Third nomination could
hinge on provisional ballots
Larry Craig stood outside the Republican Party headquarters Tuesday night, sometimes propping his foot up on the window ledge and peering inside.
â€œIâ€™ve got this in my blood,â€ the 40-year political veteran said, as totals were written on the wall in black marker. The race was close. With 28 of the 29 precincts reporting, Craig was just ahead of newcomer Alex Patton.
But when the unofficial election results came in, it seemed Craigâ€™s career â€” at least on the Lincoln County Board of Commissioners â€” could come to an end, for now.
A phone call to County Manager Stan Kiser from the Board of Elections office linked the crowd outside to the newest totals.
Tom Anderson, 2020.
Marie Moore, 1,868.
Alex Patton, 1867.
And Larry Craig, 1835.
Craig, the only candidate to stay at Republican headquarters until the final votes were tabulated, told those gathered around him that provisional ballots could make the difference.
Just 32 votes separated Craig from Patton.
The provisional ballots â€” votes from people who are new to the area, who have changed names, who had problems with registration â€” total more than 32, Craig said. Those votes will be opened Tuesday.
Craig said he was disappointed but trying to remain optimistic.
â€œI donâ€™t know what to think,â€ he said. â€œItâ€™s somewhat saddening, but Iâ€™m most appreciative to all the people who do support and did work with me. Thereâ€™s a slim chance â€” weâ€™re close enough to win yet.â€
Anderson garnered 17 percent of the votes. Moore and Patton each got 15.7 percent, just scraping by Craigâ€™s 15.4 percent. Former commissioners Jim Hallman and Terry Brotherton received about 13 percent each (1,584 and 1,564, respectively). Albert â€œDannyâ€ Glenn got 9.8 percent (1,174).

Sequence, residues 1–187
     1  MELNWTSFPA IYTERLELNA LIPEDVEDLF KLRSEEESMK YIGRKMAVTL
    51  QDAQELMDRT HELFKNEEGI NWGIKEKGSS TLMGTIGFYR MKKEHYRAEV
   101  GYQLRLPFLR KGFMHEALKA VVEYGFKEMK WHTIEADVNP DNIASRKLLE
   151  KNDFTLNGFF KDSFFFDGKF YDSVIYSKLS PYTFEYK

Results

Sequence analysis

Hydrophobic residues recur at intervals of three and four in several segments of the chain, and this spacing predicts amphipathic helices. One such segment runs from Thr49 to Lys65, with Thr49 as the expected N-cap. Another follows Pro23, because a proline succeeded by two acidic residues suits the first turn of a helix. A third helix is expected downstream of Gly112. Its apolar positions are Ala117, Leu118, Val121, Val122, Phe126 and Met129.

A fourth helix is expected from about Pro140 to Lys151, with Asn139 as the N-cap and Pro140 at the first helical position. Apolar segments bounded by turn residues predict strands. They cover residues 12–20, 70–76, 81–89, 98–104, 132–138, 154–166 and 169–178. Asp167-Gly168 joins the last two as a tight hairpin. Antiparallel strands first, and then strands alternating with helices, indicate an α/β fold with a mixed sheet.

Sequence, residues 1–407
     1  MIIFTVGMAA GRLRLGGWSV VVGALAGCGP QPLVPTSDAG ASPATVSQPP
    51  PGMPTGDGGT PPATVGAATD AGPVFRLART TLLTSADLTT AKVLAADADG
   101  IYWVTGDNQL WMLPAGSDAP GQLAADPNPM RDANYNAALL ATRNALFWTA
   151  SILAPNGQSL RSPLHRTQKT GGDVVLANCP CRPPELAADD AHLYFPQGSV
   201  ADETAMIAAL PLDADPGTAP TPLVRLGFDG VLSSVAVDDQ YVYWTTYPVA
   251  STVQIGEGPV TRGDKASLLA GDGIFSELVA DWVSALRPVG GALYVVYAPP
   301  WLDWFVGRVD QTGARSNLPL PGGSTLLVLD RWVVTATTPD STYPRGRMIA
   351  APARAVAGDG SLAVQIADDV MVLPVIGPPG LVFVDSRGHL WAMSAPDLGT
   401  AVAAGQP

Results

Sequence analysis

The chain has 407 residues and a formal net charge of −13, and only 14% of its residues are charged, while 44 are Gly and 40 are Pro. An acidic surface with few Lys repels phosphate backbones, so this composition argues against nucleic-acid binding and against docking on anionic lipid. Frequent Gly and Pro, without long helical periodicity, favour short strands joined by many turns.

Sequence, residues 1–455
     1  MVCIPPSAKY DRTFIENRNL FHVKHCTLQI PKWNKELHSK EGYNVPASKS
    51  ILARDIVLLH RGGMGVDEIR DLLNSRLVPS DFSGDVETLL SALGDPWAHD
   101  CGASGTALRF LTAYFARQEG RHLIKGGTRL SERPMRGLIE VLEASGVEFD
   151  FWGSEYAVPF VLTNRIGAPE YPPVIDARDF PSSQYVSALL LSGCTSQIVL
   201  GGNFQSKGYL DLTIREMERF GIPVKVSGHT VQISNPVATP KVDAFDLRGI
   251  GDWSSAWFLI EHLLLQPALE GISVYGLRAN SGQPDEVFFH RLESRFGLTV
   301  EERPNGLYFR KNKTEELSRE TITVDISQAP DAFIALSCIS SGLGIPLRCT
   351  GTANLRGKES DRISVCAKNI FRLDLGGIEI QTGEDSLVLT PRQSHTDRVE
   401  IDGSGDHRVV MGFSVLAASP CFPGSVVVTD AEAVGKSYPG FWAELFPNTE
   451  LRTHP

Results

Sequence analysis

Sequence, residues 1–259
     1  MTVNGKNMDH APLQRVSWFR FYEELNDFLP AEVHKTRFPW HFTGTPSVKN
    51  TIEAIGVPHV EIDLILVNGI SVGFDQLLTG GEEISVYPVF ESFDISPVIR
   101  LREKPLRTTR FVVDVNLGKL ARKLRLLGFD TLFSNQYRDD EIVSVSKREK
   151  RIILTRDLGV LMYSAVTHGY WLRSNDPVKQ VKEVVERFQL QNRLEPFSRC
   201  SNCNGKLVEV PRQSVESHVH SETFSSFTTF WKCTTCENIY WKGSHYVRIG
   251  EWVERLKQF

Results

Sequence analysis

Eastern Lincoln County residents came out in full force in support of Anderson and Moore, both Denver residents and both endorsed by the East Lincoln Political Action Committee.
Patton, who was leaving the Board of Elections office at the end of the night, knows his 32-vote separation from Craig doesnâ€™t mean heâ€™ll necessarily get the nomination.
â€œItâ€™s not over yet,â€ he said. â€œThere theoretically could be a run-off.â€
Patton was appreciative to those who helped him during his campaign.
â€œI want to thank my Lord, my family and the voters of Lincoln County for their trust in me,â€ he said.
Anderson pointed out that getting the primary nod is just another step toward the November general elections.
â€œWeâ€™re halfway there, and we have the general election to deal with now, and it will be a situation where there are three seats available and five people seeking those seats,â€ he said. â€œOur work is cut out for us.â€
Anderson thanked his family for their support and voters for their confidence.
Moore said she appreciated those who voted for her, and said the results were a sign that county residents were ready for a change. The fact she won the nomination is still soaking in, she said.
â€œLast night and probably still this morning I think Iâ€™ve just been overwhelmed,â€ she said.
Provisional ballots will be counted and election totals certified Tuesday.
by Alice Smith